All rights of copyright will remain with Ntozake Shange’s literary trust. Ntozake Shange’s literary trust grants advanced permission for the Barnard Archives to permit individuals to quote from the materials. Individuals utilizing the materials who wish to publish and/or profit monetarily from the materials must obtain permissions from Ntozake Shange's literary trust.
Photocopies or scans may be made for scholarly, research purposes only.
Ntozake Shange was a playwright, poet, novelist, and teacher. She was born Paulette Williams on October 18, 1948, in Trenton, New Jersey. She spent several formative years of her childhood in St. Louis before her family returned to Trenton, where she attended high school. In 1966, she entered Barnard College, where she received a bachelor's degree in American Studies in 1970. Following Barnard, she attended the University of Southern California, where she earned her master's degree, also in American Studies. While living in Southern California, she took the names Ntozake, translated from Xhosa as "she who comes into her own things," and Shange meaning "she who walks like a lion."
Among Shange's best known works is the 1975 piece, first published as a chapbook by Shameless Hussy Press, for colored girls who have considered suicide/when the rainbow is enuf, a mix of music, dance, drama, and poetry conceptualized by Shange as a choreopoem. It was performed first by Shange and a cast at the Bacchanal in the Bay Area, and then at a series of downtown New York venues as an Off-Broadway theatre production in 1975-6, and opened at the Public Theater in June 1976. It quickly moved to the Booth Theater on Broadway and was the recipient of numerous awards including the Obie Award and the Outer Critics Circle Award. In 1977, for colored girls was re-published by MacMillan. for colored girls was adapted for television in a 1982 production for The American Playhouse series and for film in the 2010 Tyler Perry production For Colored Girls. In 2019, for colored girls returned to the Public for a revival and again garnered numerous awards, including the Outer Critics Circle Award for best revival and a Drama Desk Award.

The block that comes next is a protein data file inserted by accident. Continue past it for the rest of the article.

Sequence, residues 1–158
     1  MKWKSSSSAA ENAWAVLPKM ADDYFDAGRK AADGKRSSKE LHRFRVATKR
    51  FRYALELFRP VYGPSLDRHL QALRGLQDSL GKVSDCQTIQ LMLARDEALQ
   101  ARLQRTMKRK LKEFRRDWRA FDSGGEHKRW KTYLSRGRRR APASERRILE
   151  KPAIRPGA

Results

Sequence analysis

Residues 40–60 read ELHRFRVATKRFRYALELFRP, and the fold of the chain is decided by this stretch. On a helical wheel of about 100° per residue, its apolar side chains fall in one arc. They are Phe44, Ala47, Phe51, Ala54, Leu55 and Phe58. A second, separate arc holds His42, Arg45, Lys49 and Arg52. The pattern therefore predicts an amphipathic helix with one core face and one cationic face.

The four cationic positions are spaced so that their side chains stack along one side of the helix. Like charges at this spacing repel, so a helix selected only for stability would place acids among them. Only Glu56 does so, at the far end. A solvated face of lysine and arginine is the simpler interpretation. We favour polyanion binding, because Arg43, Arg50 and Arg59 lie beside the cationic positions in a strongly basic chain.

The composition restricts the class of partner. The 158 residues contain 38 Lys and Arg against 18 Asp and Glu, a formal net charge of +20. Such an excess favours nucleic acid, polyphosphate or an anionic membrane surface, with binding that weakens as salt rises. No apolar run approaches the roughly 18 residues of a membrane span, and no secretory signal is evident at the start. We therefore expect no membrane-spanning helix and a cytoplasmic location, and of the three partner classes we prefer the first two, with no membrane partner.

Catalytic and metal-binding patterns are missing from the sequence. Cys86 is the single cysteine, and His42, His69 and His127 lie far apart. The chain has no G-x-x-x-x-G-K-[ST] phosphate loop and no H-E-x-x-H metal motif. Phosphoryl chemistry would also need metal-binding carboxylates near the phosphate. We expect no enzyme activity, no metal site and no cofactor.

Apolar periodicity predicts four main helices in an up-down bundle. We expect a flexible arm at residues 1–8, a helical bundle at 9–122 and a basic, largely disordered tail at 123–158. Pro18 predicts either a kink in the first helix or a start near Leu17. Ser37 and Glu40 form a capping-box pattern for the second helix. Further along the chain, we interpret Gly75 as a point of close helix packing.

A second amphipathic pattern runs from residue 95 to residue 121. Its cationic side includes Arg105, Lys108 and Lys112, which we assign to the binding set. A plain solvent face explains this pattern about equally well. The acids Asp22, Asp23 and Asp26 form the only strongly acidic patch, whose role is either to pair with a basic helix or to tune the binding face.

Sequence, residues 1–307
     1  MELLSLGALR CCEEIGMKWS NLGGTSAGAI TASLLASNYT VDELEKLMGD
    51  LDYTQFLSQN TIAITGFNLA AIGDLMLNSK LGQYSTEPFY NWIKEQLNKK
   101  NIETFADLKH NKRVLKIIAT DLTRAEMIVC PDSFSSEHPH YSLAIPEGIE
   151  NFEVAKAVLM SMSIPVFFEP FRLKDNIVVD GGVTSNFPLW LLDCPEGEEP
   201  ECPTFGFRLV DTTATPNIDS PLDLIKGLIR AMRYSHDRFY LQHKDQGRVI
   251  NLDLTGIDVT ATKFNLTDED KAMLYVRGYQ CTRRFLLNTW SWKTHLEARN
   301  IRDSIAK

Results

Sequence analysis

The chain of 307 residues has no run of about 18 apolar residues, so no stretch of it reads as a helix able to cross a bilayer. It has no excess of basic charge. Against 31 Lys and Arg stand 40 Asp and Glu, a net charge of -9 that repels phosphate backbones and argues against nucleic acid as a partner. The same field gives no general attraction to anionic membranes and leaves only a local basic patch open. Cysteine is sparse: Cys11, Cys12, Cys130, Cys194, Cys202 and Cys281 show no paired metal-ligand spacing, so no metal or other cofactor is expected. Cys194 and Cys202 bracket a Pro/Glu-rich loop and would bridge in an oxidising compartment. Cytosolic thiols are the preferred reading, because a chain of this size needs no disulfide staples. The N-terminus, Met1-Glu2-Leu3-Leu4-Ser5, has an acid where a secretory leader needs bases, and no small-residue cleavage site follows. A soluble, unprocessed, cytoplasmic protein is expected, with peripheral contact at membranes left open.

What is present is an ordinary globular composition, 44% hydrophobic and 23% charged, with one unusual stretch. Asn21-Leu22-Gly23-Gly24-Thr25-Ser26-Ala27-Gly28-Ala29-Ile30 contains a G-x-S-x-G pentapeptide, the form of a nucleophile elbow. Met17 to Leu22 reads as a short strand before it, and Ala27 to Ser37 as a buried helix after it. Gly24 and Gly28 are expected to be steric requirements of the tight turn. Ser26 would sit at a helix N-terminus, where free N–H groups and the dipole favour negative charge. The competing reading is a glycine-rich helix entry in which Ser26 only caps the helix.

The cross- and inter-disciplinary body of Shange's work is prolific and includes, but is certainly not limited to, theater works: A Photograph: Lovers in Motion (1977), Boogie Woogie Landscapes (1979), Spell #7 (1979), Mother Courage and Her Children (1980, winner of a 1981 Obie Award), Bocas (1982), Whitewash (1994, adapted for a television special starring Rubie Dee); works of poetry such as: Nappy Edges (1978), A Daughter's Geography (1983), From Okra to Greens (1984), Ridin' the Moon in Texas: Word Paintings (1987), The Sweet Breath of Life: A Poetic Narrative of the African American Family (2004, with photography by Frank Stewart and Kamoinge, Inc.), People of Watts (1993, first published in VIBE Magazine); and numerous novels: Sassafrass, Cypress & Indigo (1982), Betsey Brown(1985),Liliane (1994), Some Sing, Some Cry (2010, with Shange's sister Ifa Bayeza). Additionally, Shange authored several children's books and wrote the forward to Robert Mapplethorpe's book of photography, The Black Book (1986). Shange's first posthumously published book, Dance We Do: A Poet Explores Black Dance, was published in 2020.